Results 1 
4 of
4
Foundations for Bayesian networks
, 2001
"... Bayesian networks are normally given one of two types of foundations: they are either treated purely formally as an abstract way of representing probability functions, or they are interpreted, with some causal interpretation given to the graph in a network and some standard interpretation of probabi ..."
Abstract

Cited by 11 (7 self)
 Add to MetaCart
Bayesian networks are normally given one of two types of foundations: they are either treated purely formally as an abstract way of representing probability functions, or they are interpreted, with some causal interpretation given to the graph in a network and some standard interpretation of probability given to the probabilities specified in the network. In this chapter I argue that current foundations are problematic, and put forward new foundations which involve aspects of both the interpreted and the formal approaches. One standard approach is to interpret a Bayesian network objectively: the graph in a Bayesian network represents causality in the world and the specified probabilities are objective, empirical probabilities. Such an interpretation founders when the Bayesian network independence assumption (often called the causal Markov condition) fails to hold. In §2 I catalogue the occasions when the independence assumption fails, and show that such failures are pervasive. Next, in §3, I show that even where the independence assumption does hold objectively, an agent’s causal knowledge is unlikely to satisfy the assumption with respect to her subjective probabilities, and that slight differences between an agent’s subjective Bayesian network and an objective Bayesian network can lead to large differences between probability distributions determined by these networks. To overcome these difficulties I put forward logical Bayesian foundations in §5. I show that if the graph and probability specification in a Bayesian network are thought of as an agent’s background knowledge, then the agent is most rational if she adopts the probability distribution determined by the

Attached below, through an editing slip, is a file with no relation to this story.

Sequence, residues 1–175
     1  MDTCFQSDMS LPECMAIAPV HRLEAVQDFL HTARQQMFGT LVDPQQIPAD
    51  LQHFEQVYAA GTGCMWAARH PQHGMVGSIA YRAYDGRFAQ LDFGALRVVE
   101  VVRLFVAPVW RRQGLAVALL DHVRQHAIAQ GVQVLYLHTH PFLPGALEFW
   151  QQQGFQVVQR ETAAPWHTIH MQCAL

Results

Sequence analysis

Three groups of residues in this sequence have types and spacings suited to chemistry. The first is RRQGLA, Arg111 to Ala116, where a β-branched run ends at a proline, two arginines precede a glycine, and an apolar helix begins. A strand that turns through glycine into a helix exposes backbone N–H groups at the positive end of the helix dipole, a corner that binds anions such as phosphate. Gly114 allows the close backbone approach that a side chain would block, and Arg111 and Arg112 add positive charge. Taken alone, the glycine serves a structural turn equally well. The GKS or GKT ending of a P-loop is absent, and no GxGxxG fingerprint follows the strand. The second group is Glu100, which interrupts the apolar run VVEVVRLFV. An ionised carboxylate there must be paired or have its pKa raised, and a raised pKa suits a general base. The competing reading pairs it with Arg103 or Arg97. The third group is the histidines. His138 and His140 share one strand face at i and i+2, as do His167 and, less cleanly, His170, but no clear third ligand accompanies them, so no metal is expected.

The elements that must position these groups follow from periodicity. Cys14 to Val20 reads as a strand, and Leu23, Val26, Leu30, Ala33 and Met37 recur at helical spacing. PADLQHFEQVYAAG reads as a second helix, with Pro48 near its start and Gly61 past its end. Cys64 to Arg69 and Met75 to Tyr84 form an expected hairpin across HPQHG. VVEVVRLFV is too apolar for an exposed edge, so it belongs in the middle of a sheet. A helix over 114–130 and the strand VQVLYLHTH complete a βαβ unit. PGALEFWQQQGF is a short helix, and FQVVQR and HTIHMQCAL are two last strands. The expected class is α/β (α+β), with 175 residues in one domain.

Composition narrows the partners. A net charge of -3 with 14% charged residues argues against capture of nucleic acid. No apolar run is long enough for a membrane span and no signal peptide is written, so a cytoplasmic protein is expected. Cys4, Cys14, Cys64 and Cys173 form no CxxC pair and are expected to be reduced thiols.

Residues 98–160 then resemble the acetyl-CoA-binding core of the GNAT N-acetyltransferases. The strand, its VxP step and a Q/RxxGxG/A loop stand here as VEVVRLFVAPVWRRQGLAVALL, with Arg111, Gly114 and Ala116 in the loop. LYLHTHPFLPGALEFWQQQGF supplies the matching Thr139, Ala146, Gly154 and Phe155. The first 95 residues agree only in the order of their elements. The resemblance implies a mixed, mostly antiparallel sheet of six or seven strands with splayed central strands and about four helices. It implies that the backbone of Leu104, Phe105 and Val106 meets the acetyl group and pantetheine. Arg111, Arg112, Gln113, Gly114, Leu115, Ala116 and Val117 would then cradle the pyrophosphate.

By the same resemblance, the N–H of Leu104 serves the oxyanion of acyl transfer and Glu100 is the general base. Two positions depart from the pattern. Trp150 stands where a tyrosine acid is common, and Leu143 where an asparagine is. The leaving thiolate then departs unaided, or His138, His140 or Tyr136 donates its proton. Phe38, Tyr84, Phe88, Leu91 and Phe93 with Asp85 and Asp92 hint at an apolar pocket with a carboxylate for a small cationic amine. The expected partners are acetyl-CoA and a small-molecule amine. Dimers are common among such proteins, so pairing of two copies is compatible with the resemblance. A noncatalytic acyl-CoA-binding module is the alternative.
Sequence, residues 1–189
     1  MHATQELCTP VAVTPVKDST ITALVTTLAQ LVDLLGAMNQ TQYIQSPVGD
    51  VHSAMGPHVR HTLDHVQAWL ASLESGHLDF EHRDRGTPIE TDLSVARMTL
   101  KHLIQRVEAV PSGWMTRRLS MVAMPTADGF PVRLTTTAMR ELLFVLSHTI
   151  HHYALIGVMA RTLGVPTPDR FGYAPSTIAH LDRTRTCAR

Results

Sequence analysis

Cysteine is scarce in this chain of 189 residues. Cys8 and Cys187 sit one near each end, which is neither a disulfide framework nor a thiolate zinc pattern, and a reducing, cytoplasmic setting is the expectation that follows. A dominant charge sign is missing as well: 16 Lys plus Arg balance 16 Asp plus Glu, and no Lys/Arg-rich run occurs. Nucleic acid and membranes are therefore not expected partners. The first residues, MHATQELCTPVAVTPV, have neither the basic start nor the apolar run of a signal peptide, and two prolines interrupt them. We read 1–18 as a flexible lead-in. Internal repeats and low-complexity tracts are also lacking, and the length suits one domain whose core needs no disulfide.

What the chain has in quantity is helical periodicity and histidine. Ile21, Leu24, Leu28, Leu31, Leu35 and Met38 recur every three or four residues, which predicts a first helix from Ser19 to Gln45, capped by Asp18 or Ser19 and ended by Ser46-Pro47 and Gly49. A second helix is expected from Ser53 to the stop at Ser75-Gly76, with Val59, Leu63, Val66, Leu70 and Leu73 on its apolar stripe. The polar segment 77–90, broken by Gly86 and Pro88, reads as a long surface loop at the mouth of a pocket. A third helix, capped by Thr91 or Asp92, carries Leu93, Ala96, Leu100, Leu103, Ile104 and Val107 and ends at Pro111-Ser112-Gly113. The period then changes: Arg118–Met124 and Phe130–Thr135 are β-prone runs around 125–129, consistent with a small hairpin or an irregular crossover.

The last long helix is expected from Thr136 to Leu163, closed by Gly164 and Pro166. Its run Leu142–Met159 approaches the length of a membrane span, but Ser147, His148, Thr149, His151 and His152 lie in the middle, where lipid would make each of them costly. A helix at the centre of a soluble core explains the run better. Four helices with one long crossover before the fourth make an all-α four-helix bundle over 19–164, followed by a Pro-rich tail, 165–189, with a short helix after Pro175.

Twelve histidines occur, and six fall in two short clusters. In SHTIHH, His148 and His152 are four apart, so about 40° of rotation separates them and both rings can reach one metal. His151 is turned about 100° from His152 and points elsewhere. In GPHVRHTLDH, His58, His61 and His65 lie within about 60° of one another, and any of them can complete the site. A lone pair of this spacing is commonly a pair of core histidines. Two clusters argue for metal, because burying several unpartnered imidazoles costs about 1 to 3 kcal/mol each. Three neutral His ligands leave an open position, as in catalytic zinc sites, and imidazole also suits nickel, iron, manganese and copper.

Causation in the special sciences: the case for pragmatism
 Stochastic Causality
, 2001
"... One of the jobs of philosophers of the special sciences is to connect the local concerns of particular disciplines with those of philosophy in general. The twoway complexities of this task are wellillustrated by the case of causation. On the one hand—from the outside, as it were— ..."
Abstract

Cited by 4 (1 self)
 Add to MetaCart
One of the jobs of philosophers of the special sciences is to connect the local concerns of particular disciplines with those of philosophy in general. The twoway complexities of this task are wellillustrated by the case of causation. On the one hand—from the outside, as it were—
Understanding of what engineers “do
 LSE Centre for Natural and Social Sciences, www.lse.ac.uk/Depts/cpnss/proj_causality.htm
, 2002
"... presented at ..."
THE ASYMMETRY OF INFLUENCE
"... Attempts to meddle with the past are futile. While this nugget of folk wisdom serves as a respectable guide to action, its utility is standardly conceived as arising from the general inability of anything to influence the past. This explanation, though, oversimplifies the complex architecture of fac ..."
Abstract

Cited by 1 (1 self)
 Add to MetaCart
Attempts to meddle with the past are futile. While this nugget of folk wisdom serves as a respectable guide to action, its utility is standardly conceived as arising from the general inability of anything to influence the past. This explanation, though, oversimplifies the complex architecture of fact and fiction responsible for the reasonableness of not trying